The Government finally set out its plans to cut off illegal file-sharers in this week’s Queen’s Speech, but the £6 broadband tax is delayed till next year.
“My government will introduce a bill to ensure communications infrastructure that is fit for the digital age, supports future economic growth, delivers competitive communications and enhances public service broadcasting,” the Queen said in the speech, which sets out the programme of legislation till the General Election next year.
The two-stage anti-piracy bill will consist of sending letters to illegal downloaders and passing their details on to media companies, which have the option of launching their own legal actions.
The second phase could involve a number of technical measures including slowing down the connection speed of offenders or temporarily suspending their connections.
Commenting on the Digital Economy Bill unveiled in the Queen’s Speech, Which? chief executive Peter Vicary-Smith, said: “Although we support a crackdown on illegal filesharing, we’re concerned that these proposals could see the wrong people being targeted while the real culprits slip through the net.
“We must ensure that illegal filesharers are identified and dealt with appropriately and that those who have been wrongly accused have access to a fair, free and quick independent adjudication system and that any penalties are proportionate.”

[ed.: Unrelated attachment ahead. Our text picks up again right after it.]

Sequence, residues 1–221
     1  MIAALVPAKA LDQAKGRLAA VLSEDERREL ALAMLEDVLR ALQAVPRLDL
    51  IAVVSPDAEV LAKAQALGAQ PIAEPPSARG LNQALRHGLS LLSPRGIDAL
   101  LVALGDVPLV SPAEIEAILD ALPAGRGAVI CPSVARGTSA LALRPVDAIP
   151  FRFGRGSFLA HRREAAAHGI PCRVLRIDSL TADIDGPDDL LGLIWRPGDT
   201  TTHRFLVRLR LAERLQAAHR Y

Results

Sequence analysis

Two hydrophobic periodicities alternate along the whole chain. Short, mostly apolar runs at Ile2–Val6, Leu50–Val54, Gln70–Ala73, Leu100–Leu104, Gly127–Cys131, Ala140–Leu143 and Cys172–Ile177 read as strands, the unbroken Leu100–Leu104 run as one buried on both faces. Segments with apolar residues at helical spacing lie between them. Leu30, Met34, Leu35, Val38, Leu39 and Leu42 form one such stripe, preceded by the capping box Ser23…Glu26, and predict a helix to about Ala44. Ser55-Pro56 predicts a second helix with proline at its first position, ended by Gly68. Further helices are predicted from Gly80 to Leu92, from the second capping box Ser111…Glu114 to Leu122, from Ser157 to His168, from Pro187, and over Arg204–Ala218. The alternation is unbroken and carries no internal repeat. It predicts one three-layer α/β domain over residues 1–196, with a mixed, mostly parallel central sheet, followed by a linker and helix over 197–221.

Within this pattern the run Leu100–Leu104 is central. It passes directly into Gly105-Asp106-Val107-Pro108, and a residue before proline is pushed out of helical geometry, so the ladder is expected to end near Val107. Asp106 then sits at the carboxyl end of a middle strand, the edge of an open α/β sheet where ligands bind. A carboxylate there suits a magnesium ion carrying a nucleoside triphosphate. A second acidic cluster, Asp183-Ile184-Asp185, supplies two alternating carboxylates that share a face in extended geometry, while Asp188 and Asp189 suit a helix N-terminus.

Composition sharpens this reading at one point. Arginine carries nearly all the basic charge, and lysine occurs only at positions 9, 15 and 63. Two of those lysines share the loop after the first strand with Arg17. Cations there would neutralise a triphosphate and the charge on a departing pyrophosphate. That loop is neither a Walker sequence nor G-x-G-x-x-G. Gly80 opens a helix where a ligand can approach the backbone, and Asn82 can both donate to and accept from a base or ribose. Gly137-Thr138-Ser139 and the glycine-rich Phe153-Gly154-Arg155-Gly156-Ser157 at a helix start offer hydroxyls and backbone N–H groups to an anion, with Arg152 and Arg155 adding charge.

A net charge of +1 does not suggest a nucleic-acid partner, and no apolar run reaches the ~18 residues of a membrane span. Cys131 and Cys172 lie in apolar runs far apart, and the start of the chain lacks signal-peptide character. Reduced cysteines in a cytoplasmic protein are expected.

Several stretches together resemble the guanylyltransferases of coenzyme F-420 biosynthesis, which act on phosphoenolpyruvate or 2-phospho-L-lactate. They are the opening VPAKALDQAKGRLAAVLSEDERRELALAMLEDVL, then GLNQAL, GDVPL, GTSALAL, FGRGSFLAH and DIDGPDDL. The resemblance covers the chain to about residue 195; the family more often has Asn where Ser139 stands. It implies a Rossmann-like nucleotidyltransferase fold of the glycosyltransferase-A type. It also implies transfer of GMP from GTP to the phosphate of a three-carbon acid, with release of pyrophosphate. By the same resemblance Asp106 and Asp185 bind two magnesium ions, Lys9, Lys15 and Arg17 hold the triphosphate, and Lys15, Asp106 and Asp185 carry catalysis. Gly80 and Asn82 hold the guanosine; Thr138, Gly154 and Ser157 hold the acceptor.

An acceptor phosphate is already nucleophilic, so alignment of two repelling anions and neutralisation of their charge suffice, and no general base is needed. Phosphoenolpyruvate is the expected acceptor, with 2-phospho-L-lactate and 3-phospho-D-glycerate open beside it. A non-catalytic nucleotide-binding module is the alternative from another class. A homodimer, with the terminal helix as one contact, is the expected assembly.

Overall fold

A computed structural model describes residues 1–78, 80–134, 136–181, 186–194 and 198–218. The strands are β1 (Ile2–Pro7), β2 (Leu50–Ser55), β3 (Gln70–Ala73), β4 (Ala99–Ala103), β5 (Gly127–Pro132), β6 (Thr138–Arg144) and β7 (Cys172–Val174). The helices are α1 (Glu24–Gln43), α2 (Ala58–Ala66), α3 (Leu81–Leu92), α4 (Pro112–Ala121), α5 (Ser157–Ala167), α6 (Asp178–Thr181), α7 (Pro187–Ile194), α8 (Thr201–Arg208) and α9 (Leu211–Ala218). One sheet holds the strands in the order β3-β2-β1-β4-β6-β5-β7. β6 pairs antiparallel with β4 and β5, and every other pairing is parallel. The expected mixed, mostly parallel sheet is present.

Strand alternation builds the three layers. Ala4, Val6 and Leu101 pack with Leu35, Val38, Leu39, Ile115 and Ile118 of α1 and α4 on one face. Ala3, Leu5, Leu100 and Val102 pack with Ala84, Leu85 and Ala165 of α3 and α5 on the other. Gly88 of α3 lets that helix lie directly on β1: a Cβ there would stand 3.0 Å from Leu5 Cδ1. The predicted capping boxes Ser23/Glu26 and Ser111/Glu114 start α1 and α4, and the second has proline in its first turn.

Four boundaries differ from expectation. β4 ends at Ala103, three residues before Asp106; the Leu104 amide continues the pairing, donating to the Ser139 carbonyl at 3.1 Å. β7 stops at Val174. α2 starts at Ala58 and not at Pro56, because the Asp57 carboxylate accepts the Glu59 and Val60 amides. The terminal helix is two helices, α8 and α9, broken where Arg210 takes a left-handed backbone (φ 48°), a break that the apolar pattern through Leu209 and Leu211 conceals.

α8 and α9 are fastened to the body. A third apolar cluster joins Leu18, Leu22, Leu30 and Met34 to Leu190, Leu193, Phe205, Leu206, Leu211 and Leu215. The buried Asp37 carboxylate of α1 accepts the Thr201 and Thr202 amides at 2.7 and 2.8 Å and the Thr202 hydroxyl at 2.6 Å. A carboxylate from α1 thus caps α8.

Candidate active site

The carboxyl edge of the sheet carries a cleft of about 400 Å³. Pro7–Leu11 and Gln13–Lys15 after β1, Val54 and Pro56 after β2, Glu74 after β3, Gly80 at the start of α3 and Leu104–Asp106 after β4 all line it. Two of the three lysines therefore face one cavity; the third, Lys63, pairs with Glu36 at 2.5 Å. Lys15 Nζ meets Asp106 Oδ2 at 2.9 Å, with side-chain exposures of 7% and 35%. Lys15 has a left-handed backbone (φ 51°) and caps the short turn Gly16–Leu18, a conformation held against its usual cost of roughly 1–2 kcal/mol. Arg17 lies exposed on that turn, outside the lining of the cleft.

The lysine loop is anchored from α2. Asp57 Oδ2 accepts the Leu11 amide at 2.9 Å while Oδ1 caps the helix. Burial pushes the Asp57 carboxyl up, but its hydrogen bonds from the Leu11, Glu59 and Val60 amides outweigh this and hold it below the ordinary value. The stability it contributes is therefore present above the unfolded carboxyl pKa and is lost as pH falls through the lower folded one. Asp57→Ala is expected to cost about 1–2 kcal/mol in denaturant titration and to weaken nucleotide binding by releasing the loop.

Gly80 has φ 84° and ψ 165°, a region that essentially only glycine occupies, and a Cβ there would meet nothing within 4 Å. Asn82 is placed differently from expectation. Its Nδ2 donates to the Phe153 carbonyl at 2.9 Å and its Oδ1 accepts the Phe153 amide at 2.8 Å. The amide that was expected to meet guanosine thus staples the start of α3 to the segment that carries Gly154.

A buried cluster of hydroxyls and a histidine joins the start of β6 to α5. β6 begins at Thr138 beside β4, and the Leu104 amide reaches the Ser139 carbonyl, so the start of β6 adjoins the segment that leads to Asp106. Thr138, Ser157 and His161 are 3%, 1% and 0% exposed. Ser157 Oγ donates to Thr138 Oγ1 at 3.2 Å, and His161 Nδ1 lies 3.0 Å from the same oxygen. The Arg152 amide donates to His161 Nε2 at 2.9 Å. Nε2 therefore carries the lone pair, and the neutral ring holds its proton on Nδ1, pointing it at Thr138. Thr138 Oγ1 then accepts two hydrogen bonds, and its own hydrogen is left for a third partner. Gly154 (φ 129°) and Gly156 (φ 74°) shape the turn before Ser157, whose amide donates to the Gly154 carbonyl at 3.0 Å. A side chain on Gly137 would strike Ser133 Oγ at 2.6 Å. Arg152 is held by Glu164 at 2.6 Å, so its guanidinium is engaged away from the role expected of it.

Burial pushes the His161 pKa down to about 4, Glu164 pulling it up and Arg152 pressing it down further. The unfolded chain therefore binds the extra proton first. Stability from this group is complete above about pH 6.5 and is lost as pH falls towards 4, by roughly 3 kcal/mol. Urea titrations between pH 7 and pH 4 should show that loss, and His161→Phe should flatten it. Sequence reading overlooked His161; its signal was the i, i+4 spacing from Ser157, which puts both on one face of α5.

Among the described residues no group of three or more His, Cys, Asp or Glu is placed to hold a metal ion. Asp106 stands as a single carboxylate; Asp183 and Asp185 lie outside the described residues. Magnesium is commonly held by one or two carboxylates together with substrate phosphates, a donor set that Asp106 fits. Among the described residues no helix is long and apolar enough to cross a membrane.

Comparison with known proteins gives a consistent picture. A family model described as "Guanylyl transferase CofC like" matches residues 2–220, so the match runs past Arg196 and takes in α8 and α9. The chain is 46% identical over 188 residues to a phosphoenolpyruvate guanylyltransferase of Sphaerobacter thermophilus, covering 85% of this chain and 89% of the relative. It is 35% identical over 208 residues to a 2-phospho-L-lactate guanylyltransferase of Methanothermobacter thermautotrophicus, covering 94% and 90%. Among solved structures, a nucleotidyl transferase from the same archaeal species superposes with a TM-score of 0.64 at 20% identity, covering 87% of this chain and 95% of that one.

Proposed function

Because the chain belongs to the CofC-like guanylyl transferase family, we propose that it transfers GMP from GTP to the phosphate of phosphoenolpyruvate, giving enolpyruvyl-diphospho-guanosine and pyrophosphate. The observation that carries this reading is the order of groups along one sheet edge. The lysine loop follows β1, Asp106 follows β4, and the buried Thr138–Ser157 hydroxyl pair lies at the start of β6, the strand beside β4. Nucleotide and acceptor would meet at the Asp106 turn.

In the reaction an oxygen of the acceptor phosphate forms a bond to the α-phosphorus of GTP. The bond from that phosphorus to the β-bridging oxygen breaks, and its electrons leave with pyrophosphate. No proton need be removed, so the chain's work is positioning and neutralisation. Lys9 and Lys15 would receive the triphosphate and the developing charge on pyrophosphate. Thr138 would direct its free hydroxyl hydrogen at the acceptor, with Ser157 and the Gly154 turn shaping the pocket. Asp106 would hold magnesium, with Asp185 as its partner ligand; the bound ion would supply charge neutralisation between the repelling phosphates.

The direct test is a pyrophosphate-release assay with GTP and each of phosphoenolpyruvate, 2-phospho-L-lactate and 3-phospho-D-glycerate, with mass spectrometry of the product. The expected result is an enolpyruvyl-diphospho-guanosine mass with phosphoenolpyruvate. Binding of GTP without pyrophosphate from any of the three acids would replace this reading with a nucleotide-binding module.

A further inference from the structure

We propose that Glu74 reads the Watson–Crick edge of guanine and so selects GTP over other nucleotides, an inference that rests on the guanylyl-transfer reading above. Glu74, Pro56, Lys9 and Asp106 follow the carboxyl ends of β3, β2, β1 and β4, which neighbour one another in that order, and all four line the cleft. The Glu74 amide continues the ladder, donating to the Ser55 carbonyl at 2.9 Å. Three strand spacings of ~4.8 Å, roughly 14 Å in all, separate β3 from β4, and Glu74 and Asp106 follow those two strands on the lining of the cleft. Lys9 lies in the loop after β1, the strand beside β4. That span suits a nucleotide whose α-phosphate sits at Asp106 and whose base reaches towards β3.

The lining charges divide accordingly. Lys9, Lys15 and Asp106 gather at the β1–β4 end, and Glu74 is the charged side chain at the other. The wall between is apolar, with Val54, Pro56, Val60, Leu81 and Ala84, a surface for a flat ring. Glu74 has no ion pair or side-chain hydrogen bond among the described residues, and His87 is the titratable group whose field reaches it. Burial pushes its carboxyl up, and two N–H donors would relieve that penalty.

While speculation and controversy rage around the prospect of cutting off internet pirates, plans for a 50p-a-month tax on phone lines to fund next-generation high-speed broadband networks appear to have been omitted from the speech.
The plan to introduce universal broadband of at least 2 megabits per second was also not included, although a spokeswoman for the Department for Business, Innovation and Skills told the BBC “It does not need legislation”.
Commenting on the omitted ‘broadband tax’ measures, Michael Phillips, product director of Broadbandchoices.co.uk, added: “It was encouraging to hear her Majesty highlighting the Government’s commitment to a Digital Britain but it did little to add any further detail to what has been a pretty vague and underwhelming report.
“To date, apart from confirming the contentious £6 broadband levy, the Government has disclosed little in the way of financing the inevitable funding shortfall or any detailed physical implementation plans. It’s nearly 2010, so her Government will need to get their skates on to meet the 2Mb commitment by 2012 or the “next generation” services target before the end of the next decade.”